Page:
Pilot-cosmonaut Valentina Tereshkova. Photo reproduction. (RIA Novosti)

READ MORE: Seagull in space: 50 years after first female space flight

5. Pioneer spacewalk

The first spacewalk performed by Alexey Leonov became an epic hero tale reported and hailed in every major newspaper in the world five decades ego. The Soviet Cosmonaut made his famous jump into the silence of outer space, overcoming his own biggest personal challenge and marking a significant step in the history of space exploration.

READ MORE: ‘Every spacewalk is unique challenge’: Pioneer Leonov at #AskaCosmonaut Q&A

Alexei Leonov, Pilot-Cosmonaut of the USSR, leaving Voskhod 2 spacecraft to take his first step into space. March 18-19, 1965. Reproduction of a book photo. (RIA Novosti)

“Russian floats in space for 10 minutes; Leaves orbiting craft with a lifeline,” was the headline story featured in the New York Times half a century ago.

6. The first modular space station

Baikonur Cosmodrome was also involved in bringing the first modular inhabited research station in outer space - the famous Mir station (translated as Peace, or World). The main module was put into orbit in 1986. Until 2001 it was the largest satellite in orbit, succeeded by the International Space Station after Mir's orbit decayed.

The Mir space station in flight. (RIA Novosti/Sergey Pyatakov)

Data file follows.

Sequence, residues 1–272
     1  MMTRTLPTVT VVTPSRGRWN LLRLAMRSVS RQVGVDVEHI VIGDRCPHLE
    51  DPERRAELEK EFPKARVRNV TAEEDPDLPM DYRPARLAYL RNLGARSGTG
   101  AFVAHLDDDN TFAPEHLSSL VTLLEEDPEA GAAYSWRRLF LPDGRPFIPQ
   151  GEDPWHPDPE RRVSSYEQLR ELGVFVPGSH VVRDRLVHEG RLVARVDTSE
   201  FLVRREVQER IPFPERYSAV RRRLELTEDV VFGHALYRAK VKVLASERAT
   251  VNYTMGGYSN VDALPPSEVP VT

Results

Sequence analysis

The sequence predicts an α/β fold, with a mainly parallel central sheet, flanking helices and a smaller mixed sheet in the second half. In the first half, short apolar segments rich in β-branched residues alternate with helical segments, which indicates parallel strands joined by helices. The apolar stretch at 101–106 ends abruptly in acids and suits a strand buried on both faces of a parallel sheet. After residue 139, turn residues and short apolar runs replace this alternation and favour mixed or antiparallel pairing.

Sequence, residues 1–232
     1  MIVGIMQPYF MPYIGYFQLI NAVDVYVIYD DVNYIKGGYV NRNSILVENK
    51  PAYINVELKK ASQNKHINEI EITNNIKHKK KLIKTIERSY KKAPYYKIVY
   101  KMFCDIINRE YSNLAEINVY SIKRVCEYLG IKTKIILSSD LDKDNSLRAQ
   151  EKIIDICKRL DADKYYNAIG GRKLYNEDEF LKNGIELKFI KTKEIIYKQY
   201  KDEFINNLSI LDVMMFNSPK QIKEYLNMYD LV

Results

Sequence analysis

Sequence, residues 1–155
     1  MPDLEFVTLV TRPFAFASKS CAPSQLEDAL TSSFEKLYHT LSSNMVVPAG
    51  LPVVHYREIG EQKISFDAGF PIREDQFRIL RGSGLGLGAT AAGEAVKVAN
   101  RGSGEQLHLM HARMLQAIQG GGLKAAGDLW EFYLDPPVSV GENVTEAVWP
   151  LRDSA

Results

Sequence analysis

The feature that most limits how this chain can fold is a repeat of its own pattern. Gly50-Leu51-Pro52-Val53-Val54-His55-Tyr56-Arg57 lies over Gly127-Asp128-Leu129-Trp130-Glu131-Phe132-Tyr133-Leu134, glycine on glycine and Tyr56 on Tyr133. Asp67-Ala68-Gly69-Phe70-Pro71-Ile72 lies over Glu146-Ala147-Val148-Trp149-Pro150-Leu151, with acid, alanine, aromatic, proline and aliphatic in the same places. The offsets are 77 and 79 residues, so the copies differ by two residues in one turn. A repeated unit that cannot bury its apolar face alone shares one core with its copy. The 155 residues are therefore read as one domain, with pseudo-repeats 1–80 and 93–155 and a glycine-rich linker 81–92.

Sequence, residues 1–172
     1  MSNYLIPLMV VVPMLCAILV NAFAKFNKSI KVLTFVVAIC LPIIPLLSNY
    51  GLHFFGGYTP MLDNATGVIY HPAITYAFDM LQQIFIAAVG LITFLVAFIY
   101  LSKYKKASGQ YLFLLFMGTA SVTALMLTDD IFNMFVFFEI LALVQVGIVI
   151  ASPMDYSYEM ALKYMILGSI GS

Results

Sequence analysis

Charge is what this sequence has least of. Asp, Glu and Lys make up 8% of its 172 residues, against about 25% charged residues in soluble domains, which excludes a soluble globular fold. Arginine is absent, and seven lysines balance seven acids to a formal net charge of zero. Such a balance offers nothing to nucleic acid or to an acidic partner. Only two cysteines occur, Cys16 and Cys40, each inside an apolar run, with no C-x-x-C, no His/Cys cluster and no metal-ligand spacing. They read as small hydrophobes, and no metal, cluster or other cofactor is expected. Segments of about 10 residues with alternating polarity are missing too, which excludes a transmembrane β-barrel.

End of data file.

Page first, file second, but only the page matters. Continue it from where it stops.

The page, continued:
7. Soyuz rockets launched from the Cosmodrome

Baikonur was where the famous Soyuz rockets lifted off. The first one was launched from Baikonur in 1966.

12/01/1989 A Proton rocket carrying the Granat orbital observatory lifts off from the Baikonur Center at 11:21 PM. (RIA Novosti / Alexander Mokletsov)

A new version of the rocket – Soyuz-2.1b was launched from Baikonur Cosmodrome on December 26, 2014. Resurs-P No.2, which was placed into target orbit by the rocket, can video Earth’s surface with a resolution of up to one meter in panchromatic mode (non-color). It’s also capable of registering cosmic radiation.

8. Proton 8’s ups & downs

Currently Baikonur launches about 20 space rockets annually. Among them are famous Proton rockets which literally have their ups and downs. The first rocket of the Proton family was launched in 1965.

10/09/1977 The Soyuz 25 spacecraft minutes before launched from the Baikonur space center. (RIA Novosti / Alexander Mokletsov)

Over the last five years there have been several unsuccessful attempts to launch Proton rockets. A Proton-M rocket carrying three GLONASS navigation satellites crashed after takeoff from Baikonur in July 2013.

07/02/2013 The Proton-M carrier-rocket with its DM-03 upper stage and three Russian Glonass-M satellite navigation systems seen falling down after its take-off from the Baikonur space center. (RIA Novosti/Yuri Aliseenko)

In May 2015, the launch of the Russian Proton-M rocket went wrong when its telemetry seized. The rocket and its payload, a Mexican communication satellite, burned up in the atmosphere.

Watch more in RT's Madina Kochenova report on the history of the Baikonur Cosmodrome.